I recently went to a new dermatologist, and when I told her that I spend entire days outdoors on hiking and backpacking trips, often at high altitude, the lecture began! Plenty of sunblock, long sleeve tops and long pants, hat, sunglasses, and a new twist… UPF rated clothing!
Almost all of my hiking clothing is technical gear from great companies like The North Face, Outdoor Research, and Columbia Sportswear. When I am at the store happily buying hiking pants, tops, and hats, I have noticed the UPF rankings, but paid little attention to it until my recent doctor’s visit.
Hiking Lady’s favorite UPF rated hiking clothes and hats:
|The North Face Women’s Paramount Valley Convertible Pant: These pants are rated UPF 30. I have a pair and love them!
|Columbia Women’s Bahama Long Sleeve Shirt: This is my favorite hiking top – it is rated UPF 30. I have 2 of them!
|Dorfman Pacific Solarweave Mesh Trekker Hat: A hat like this is great for summer hikes when you want to protect your scalp, face, neck, and shoulders from the harsh rays of the sun. I love my Dorfman Trekker hat, and really love its UPF 50 rating!
As we all know, it is very important to protect ourselves from harmful UVA and UVB rays from the sun. When I’m out hiking, I am pretty diligent about wearing sunglasses, long-sleeve tops, long pants, and a broad brimmed hat. The reason is I burn easily, and I want to make sure I don’t get melanoma, like my grandfather had. Over 90% of all skin cancers are because of sun exposure, and I don’t want to be another skin cancer victim. Plus, UV rays are especially high in areas where I like to explore: snow, sand, water, and high altitudes!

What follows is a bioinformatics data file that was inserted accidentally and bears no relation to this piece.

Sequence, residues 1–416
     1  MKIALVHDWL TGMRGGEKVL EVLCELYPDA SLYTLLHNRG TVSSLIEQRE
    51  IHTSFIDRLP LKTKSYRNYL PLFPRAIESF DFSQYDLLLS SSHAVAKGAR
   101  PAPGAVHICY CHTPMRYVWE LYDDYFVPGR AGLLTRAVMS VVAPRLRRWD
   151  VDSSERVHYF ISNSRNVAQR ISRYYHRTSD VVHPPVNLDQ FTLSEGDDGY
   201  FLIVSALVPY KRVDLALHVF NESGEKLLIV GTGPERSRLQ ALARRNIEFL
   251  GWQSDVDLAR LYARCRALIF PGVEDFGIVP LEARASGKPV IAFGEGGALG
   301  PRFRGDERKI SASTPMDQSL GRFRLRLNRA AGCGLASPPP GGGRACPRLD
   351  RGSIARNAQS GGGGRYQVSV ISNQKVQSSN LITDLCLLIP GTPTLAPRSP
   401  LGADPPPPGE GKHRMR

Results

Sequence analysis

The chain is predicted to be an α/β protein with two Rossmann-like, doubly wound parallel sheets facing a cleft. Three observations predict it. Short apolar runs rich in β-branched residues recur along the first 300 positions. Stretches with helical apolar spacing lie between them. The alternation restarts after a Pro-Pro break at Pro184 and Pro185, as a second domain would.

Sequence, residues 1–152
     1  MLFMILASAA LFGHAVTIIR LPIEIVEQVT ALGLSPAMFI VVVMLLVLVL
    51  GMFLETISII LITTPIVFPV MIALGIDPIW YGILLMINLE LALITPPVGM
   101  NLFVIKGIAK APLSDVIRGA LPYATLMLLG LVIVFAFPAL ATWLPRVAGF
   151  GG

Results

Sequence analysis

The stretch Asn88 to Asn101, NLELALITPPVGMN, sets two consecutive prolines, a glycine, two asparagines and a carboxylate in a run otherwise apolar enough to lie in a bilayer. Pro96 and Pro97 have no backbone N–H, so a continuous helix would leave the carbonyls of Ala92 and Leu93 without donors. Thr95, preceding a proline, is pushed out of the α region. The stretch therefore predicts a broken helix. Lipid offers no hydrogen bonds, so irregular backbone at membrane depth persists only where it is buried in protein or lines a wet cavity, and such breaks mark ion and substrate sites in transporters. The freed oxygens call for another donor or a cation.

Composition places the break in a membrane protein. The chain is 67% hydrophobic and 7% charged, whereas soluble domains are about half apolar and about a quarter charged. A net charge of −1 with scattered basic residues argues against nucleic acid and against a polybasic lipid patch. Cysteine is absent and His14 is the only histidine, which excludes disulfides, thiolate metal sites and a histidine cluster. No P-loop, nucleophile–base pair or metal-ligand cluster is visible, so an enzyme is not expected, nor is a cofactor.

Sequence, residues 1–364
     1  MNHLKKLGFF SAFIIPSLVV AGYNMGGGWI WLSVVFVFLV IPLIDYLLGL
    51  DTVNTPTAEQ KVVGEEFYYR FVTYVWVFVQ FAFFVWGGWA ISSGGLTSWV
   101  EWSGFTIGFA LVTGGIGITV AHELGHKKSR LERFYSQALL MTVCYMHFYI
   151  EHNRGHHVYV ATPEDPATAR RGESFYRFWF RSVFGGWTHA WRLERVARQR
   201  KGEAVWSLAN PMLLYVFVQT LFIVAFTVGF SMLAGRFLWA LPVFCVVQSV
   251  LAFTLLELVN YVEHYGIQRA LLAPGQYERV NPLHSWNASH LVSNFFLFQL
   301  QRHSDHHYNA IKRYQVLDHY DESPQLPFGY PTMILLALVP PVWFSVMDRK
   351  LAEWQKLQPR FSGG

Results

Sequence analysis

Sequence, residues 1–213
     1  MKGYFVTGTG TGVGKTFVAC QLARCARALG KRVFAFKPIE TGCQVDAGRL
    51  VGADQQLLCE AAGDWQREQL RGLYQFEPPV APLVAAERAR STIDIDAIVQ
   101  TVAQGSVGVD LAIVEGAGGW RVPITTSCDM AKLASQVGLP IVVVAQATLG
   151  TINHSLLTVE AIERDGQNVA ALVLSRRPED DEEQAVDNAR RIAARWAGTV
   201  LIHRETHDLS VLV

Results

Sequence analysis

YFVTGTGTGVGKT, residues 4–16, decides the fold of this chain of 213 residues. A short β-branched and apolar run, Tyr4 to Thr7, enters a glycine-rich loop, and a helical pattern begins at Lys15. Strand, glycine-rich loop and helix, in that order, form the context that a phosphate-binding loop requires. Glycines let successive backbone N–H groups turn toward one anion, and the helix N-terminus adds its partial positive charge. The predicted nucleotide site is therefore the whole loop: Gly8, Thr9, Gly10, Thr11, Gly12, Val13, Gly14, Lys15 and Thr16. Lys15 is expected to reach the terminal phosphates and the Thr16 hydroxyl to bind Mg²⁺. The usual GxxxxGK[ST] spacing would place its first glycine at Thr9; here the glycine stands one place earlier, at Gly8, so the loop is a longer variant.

What Does a “UPF” Rating Mean?
I decided to do some research and get knowledgeable on UPF. UPF is a rating factor on apparel that stands for Ultraviolet Protection Factor. The ratings are typically between 15 to 50+. Unlike typical fabrics, UPF rated fabrics only allow a fraction of harmful rays to pass through. So for example, a UPF rating of 15 means that just 1/15th or 6.7% of harmful rays pass through the fabric. Obviously the higher the UPF number, the more protected our skin will be. This compares to a typical t-shirt that is likely somewhere between 5 and 8 UPF.
The bottom line is that if you are like me and love to be outdoors, UPF apparel is the way to go. Unless you are highly unlikely to burn, the extra few bucks to buy technical hiking apparel will be well worth it.